In a world of increasingly large phones and tablets, Amazon’s Kindle e-book reader is an aberration of sorts. It does not try to ape your phone or computer, but simply sticks to one main task – delivering a book-like reading experience on a digital medium. And while many have said that the bigger phones and tablets left no space for an e-book reader, the sight of people holding this handy little device is becoming increasingly common in urban India, be it in the Metro or in cafes. And now the e-bookworm community has a new option – the Kindle Voyage, which has just been launched in India.

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A Kindle that looks classy? Yep!

The Voyage is Kindle turning on the style. Earlier Kindles were known for being sturdy and functional, and well, smart at best. This one? Ah, it is definitely not flimsy but whoever we have shown it to has remarked on its sleek finish. At 7.6 mm, it is definitely in the slim category – the iPhone 6 Plus is 7.1 mm – and at 180 grammes, is just a fraction heavier than the iPhone 6 Plus, which is 172 grammes. And yes, unlike previous Kindles, whose e-ink displays were slightly recessed, the one on the Voyage is flush with the bezel, making it one smooth front. On each side of the display are a single line and a dot. No, they are not for design, but are in fact haptic buttons – pressing the line will move you a page ahead, and pressing the dot will take you a page behind.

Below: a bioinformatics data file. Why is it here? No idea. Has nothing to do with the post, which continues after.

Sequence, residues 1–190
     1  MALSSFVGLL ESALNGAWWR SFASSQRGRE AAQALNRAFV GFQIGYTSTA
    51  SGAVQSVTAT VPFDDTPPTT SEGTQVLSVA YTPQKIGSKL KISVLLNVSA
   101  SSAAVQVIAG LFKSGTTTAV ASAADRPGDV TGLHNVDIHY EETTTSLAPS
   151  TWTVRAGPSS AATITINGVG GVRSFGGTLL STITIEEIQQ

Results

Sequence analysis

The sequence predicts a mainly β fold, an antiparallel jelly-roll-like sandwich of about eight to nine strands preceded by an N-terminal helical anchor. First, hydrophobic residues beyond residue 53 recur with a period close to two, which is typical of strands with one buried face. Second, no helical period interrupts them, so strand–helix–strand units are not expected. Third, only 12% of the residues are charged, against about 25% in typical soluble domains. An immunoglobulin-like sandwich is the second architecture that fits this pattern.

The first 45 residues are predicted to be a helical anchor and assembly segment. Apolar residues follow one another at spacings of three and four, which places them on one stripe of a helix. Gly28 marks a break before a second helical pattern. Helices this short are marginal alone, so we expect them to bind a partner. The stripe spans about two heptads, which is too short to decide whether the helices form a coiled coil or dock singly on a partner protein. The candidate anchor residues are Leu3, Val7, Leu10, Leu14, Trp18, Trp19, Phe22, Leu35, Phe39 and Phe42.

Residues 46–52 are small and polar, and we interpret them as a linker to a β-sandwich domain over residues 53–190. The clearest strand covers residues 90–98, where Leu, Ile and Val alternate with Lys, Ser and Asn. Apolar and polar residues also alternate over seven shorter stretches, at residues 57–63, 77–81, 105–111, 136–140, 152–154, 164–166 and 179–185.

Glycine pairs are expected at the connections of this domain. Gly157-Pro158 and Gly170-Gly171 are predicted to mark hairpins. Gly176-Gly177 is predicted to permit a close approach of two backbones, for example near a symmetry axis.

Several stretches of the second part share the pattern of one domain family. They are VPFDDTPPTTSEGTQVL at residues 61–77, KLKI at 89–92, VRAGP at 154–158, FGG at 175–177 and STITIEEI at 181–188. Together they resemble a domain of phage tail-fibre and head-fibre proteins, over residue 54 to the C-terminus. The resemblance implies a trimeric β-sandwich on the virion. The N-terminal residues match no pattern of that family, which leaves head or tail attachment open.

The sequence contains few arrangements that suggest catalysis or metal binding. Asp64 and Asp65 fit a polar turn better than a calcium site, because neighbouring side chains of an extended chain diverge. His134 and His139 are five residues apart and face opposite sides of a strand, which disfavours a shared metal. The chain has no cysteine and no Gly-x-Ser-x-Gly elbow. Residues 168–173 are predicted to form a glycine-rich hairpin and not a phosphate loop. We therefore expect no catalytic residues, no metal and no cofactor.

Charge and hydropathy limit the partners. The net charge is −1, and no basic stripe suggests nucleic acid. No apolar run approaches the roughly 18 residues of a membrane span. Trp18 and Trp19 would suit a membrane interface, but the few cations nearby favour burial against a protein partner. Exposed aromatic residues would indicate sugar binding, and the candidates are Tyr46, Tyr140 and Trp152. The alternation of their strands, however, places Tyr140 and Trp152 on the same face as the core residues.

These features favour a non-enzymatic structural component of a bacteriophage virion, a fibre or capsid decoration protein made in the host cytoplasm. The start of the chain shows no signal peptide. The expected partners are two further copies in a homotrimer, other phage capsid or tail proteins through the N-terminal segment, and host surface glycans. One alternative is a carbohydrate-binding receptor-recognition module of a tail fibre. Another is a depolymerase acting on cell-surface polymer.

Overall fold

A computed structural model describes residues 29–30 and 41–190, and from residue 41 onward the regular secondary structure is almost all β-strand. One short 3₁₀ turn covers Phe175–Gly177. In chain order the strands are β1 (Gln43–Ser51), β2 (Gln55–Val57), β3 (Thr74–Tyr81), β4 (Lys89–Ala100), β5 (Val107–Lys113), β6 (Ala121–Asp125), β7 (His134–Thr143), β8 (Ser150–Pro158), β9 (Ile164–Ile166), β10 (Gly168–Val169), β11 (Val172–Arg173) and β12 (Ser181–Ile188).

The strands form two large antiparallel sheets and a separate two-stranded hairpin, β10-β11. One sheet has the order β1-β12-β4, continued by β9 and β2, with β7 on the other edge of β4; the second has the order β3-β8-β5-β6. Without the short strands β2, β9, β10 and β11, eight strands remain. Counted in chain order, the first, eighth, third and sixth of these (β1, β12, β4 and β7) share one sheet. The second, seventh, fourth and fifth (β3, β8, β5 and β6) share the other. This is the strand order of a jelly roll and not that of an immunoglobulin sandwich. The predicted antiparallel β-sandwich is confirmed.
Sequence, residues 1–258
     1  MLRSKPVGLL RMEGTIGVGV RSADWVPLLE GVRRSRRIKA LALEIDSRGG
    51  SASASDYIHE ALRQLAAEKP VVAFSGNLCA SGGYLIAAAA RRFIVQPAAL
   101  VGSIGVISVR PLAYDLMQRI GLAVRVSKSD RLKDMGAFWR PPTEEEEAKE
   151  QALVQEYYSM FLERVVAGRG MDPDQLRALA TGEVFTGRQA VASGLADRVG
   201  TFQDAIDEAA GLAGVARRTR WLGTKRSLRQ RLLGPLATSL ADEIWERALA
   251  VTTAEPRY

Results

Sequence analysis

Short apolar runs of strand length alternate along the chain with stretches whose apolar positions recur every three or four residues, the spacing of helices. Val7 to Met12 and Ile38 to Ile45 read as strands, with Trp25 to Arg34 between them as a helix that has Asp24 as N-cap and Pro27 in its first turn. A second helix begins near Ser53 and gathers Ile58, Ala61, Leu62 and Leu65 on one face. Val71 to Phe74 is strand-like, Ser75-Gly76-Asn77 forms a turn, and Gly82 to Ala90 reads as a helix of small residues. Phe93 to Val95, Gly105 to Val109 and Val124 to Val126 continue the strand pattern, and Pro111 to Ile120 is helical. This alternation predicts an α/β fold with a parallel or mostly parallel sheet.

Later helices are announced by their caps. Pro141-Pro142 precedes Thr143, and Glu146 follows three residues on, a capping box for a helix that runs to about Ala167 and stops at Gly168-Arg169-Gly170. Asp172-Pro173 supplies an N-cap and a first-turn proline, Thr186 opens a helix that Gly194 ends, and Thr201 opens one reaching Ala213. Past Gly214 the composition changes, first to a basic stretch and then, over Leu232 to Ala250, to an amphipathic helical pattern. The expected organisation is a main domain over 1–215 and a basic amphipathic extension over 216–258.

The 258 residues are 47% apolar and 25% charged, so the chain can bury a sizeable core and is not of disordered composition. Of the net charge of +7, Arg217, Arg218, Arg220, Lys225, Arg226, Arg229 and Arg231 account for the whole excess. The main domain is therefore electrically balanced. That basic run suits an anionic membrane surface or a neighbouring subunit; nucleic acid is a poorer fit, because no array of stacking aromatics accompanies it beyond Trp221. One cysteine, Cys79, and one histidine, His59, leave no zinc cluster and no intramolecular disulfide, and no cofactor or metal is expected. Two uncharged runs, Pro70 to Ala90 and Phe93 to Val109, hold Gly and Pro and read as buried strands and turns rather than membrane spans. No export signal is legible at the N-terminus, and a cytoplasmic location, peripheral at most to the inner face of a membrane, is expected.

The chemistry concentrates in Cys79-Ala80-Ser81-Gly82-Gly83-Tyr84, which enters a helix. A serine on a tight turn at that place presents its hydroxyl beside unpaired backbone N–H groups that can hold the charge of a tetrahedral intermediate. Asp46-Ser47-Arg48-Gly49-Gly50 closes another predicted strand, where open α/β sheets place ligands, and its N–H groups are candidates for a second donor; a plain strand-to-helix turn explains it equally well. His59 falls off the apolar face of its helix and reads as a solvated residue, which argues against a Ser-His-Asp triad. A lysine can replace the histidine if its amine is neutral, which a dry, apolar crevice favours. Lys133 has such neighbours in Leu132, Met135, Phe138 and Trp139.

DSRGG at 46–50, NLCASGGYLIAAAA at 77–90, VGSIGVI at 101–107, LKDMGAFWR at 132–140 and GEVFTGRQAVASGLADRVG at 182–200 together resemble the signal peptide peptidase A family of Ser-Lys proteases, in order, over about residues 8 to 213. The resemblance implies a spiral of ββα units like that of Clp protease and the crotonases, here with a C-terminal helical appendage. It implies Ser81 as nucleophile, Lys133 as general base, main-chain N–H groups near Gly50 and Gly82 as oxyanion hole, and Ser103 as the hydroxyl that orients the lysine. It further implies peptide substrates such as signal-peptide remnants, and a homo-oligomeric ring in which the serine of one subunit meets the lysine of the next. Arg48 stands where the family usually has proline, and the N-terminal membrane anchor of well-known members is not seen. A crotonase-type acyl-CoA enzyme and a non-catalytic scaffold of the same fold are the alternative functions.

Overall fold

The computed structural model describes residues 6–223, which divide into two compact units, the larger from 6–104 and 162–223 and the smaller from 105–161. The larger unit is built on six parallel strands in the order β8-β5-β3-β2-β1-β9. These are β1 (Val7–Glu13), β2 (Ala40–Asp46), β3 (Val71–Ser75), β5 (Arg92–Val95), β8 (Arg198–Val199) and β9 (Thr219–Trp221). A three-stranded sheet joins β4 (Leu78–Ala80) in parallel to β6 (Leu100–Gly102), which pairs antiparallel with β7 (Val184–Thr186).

Oh, and there is a special sensor at the front to adjust the lighting automatically (you can do so manually using the bulb icon) and gently reduces brightness to match the way human eyes respond to darkness – what Amazon calls ‘adaptive’ lighting). While on the subect of lighting – yes, the Voyage also has front-lighting like the Paperwhite, which means that the light shines on the page rather than on your face as you view it. And that display is made of specially strengthened glass designed to resist scratches, and comes with etching patterns that Amazon claims matches the feel of paper. It certainly does not feel like a regular Kindle is all we can say.

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And it is not just the front that has changed. The back has too. Now, the display/power button is on the back, towards the left edge (a welcome change from being at the base of the device) but what is more noticeable is the much more edge-y design which literally seems to have taken a leaf out of HTC’s Diamond series, with the back seemingly made of different sized blocks. The block on the top of the back is made of slightly glossy material, which looks nice, but will pick up fingerprints and smudges, alas. It is an utter contrast from the smoother looking backs we have seen on previous Kindles, and honestly, we are not too sure how well it will go down with people. We generally liked the different feel of the device, but a part of us did prefer the smoother back. Maybe it was habit speaking.